Cinco de Agave

Several years ago, with the help of Lidia’s restaurant we organized a tasting of Italian amari - bitter digestifs. It was a fabulous event, both informative and fun, and we immensely enjoyed writing about it in this space.

It was so much fun, in fact, that we decided to do another group tasting. This time, however, we chose a spirit from a little closer to home: Tequila.

Our host was Gene Mangrum, the Director of the Ministry of Culture at Mad Mex (note to self: I need a better job title.) Gene, like many other people I’ve known, is obsessed with great tequila.

Joining us were our crack team of tasters:

John Barbera, architect. Cynthia Closkey, blogger and local PR maven. Yaniv Gur, manager. Kilolo Luckett, realtor. Laura Valentine, writer. and psu brought his camera, and took all of the photographs you see here.

A word about Mad Mex, and about these tastings in general. As I mentioned above, our last tasting, of amari, was at Lidia’s in the Strip. Many people have written in asking why we haven’t done these events more often. Part of it is simply the complexity of scheduling events like this, but there’s something more important: finding an appropriate partner for the event.

For a while now I’ve looked on with envy as my co-workers in the Bay Area arranged to meet at Tommy’s in San Francisco after work. Tommy’s is Julio Bermejo’s restaurant. Julio, called “the epicenter of Tequila” by the Wall Street Journal, can talk for hours about true, 100% agave tequila, and is perhaps the most well-known ambassador of the spirit. I wanted to find someone in Pittsburgh who could evangelize the distilled agave liquor to Pittsburgh with the sort of enthusiasm that Julio brings to Tommy’s. With that in mind, I contacted Big Burrito, the owners of Mad Mex, and outlined my plan. They responded quickly and enthusiastically; that told me everything I needed to know.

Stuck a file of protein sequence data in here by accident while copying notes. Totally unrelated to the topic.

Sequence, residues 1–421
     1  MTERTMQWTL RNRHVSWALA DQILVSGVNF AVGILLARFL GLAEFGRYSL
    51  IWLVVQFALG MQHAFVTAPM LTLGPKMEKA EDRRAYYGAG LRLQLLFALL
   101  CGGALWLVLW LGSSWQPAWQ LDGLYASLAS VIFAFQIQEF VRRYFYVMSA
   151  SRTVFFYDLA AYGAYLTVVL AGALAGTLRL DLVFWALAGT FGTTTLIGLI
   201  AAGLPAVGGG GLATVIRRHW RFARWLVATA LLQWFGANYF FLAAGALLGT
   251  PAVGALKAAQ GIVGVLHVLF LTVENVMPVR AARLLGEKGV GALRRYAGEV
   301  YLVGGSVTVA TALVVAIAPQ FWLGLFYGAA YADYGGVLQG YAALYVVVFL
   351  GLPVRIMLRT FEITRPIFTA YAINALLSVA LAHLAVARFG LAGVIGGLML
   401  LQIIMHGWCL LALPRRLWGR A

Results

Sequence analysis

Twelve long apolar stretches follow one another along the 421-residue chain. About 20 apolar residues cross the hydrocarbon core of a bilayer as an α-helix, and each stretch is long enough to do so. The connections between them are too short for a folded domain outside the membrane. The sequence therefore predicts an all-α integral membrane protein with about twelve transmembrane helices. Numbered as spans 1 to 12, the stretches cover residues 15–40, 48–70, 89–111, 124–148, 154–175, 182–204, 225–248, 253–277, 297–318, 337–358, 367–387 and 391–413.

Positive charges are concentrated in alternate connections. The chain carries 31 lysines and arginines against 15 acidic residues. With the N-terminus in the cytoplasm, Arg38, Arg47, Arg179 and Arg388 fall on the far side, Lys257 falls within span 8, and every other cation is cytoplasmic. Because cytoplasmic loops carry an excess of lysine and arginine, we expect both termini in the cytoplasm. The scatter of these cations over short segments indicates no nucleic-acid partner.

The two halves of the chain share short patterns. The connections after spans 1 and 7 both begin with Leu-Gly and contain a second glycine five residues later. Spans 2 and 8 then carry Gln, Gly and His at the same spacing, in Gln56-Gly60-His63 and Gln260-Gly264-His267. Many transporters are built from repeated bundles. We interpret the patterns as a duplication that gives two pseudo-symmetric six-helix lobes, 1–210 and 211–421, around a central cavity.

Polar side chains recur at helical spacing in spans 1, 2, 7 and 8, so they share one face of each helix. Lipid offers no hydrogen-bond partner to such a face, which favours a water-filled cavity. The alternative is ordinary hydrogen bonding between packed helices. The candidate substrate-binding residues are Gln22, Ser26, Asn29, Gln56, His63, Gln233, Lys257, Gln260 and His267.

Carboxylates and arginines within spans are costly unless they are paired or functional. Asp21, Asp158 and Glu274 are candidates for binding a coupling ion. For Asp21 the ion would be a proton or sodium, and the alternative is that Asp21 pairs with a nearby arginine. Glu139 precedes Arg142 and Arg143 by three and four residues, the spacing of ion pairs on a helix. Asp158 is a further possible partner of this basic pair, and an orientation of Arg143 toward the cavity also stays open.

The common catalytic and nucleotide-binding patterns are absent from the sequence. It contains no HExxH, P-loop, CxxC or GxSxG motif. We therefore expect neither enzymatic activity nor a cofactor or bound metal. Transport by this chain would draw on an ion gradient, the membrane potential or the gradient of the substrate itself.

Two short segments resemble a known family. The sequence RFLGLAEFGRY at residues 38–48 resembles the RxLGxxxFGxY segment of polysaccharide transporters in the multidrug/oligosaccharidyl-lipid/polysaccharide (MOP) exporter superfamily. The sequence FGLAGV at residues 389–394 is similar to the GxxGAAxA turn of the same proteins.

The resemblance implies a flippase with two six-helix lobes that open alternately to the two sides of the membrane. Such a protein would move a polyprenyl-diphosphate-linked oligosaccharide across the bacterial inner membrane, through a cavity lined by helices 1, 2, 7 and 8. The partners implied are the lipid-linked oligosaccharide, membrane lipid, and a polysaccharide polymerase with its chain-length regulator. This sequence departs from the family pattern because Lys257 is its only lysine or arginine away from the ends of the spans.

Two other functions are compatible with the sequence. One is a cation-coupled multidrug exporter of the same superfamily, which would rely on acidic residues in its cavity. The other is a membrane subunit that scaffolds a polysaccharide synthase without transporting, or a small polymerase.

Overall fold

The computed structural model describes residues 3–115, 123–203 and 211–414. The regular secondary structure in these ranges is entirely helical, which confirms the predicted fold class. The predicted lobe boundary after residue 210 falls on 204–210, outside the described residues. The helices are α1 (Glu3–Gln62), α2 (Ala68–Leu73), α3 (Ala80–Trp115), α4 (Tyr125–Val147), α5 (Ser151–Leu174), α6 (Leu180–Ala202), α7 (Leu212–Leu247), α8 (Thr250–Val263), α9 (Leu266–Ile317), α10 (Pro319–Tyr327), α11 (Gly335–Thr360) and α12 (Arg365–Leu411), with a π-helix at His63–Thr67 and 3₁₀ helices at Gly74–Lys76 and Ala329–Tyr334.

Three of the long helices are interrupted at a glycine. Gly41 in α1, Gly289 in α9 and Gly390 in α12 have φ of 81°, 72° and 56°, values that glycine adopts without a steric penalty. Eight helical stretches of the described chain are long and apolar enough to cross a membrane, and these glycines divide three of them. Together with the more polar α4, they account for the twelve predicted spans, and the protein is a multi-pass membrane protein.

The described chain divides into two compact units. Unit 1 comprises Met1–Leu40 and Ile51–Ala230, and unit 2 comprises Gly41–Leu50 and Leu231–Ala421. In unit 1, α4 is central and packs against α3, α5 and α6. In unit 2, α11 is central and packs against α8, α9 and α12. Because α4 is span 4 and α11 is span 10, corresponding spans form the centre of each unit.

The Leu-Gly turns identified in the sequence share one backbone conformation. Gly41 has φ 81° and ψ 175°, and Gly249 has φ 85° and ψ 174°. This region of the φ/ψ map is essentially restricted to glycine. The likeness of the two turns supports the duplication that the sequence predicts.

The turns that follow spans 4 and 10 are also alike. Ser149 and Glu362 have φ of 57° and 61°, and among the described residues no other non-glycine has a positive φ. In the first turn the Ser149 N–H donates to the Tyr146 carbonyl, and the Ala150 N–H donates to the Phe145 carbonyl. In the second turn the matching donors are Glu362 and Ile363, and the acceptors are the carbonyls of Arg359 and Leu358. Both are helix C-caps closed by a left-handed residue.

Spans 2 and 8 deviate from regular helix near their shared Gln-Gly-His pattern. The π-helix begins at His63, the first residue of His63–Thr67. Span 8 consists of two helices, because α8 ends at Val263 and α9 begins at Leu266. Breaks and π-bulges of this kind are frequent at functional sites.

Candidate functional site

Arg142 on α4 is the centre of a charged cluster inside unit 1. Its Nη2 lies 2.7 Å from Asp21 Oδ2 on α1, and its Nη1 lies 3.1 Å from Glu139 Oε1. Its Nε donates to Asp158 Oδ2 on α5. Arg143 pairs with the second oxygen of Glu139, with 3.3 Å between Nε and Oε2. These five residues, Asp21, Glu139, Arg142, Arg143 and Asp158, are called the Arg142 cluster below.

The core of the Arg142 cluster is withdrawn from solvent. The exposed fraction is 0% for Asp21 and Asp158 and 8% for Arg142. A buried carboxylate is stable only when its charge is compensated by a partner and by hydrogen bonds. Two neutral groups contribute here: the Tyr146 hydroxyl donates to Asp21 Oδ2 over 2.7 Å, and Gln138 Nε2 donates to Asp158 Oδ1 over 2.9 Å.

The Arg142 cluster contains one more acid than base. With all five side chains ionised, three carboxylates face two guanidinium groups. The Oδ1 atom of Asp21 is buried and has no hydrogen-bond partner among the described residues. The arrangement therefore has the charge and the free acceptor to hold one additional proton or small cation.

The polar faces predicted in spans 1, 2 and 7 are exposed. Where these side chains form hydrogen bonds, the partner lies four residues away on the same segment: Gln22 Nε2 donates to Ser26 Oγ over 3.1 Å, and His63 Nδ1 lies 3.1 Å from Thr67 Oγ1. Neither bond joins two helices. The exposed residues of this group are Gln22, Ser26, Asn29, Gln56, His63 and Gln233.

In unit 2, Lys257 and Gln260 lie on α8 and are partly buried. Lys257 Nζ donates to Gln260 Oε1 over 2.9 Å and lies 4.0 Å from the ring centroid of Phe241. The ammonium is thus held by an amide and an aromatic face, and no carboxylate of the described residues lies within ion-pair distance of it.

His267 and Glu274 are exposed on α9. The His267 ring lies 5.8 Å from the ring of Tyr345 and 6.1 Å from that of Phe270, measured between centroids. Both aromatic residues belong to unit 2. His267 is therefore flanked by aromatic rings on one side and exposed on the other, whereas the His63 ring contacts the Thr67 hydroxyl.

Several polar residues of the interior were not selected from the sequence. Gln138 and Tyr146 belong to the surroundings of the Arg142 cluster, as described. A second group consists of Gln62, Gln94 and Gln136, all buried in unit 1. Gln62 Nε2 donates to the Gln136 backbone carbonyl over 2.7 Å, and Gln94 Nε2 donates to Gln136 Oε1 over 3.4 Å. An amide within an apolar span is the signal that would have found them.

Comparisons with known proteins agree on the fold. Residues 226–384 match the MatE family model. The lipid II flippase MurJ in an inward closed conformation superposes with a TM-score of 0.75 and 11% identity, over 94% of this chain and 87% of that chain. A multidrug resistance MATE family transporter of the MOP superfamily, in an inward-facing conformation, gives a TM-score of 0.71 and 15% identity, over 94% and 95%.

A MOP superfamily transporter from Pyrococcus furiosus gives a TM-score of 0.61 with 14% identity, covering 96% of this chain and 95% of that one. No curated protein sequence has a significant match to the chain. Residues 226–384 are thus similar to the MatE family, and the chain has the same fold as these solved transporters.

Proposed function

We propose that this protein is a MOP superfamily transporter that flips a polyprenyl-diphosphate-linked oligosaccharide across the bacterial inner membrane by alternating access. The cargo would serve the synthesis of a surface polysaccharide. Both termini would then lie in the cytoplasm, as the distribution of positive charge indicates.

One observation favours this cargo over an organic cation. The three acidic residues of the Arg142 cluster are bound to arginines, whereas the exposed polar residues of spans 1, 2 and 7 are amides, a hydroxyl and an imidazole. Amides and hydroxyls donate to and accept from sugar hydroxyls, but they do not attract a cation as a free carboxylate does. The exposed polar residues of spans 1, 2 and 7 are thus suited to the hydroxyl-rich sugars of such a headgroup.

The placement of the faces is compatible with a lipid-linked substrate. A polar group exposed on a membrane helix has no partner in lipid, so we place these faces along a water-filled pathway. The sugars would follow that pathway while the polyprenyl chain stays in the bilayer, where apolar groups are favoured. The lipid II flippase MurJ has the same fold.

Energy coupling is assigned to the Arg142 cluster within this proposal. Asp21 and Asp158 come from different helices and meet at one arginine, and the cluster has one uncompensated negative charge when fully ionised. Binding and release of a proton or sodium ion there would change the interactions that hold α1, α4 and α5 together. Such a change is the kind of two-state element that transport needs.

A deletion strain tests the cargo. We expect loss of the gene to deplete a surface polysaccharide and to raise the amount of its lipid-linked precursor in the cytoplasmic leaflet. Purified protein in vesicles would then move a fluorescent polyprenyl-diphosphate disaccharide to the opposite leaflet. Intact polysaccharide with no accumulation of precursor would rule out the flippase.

Having a partner like this is important. Yes, we could have gone to the liquor store, bought a few bottles and had the tasting in someone’s house. But in doing that, we’d miss out on the opportunity to have an expert and enthusiastic guide. This is the connection between Lidia’s, with their love for Amari, and Mad Mex, with their love for tequila. What excited both of these restaurants wasn’t the opportunity for marketing, but the chance to evangelize about something they love.

Gene began the tasting by walking us through the process of tequila making, from farm to autoclave to fermenting tank to bottle; he had actually provided us ahead of time with a primer on tequila that he had used at an earlier tasting.

[Tequila-two

Gene

](http://wptest.tleaves.com/wp-content/uploads/2008/05/dsc_20070507-02279.jpg “Tequila-two” )

Warming to his subject like an enthusiastic science teacher, Gene continued: “Wine is made from fermented grapes. Gin is made from fermented juniper berries. Tequila comes from the agave plant.” Swinging around his MacBook, he showed us some photos from his recent trip to the Juarez plantation in Mexico: workers harvesting the huge agave piñas. “You look happy in those pictures,” I said. “You have no idea,” he replied.

We began with a “lowland” tequila, the Herradura Silver. The distinction between “highland” and “lowland” is not, as in scotch, primarily one of intentional style. “Tequila is affected by the fermentation and distillation process,” Gene explained, “but perhaps the major factor is where the agave was grown.” The soil in the lowlands, according to Gene, absorbs more run-off and other particulates from the surrounding air, creating a more earthy flavor. I found the Herradura to be sweet, just barely short of being syrupy. Our other panelists agreed. “I like this,” said Kilolo. “You can really taste the agave.” “Wow, that is fruity,” said John.

[john

Tasting

](http://wptest.tleaves.com/wp-content/uploads/2008/05/dsc_20070507-02280.jpg “john” )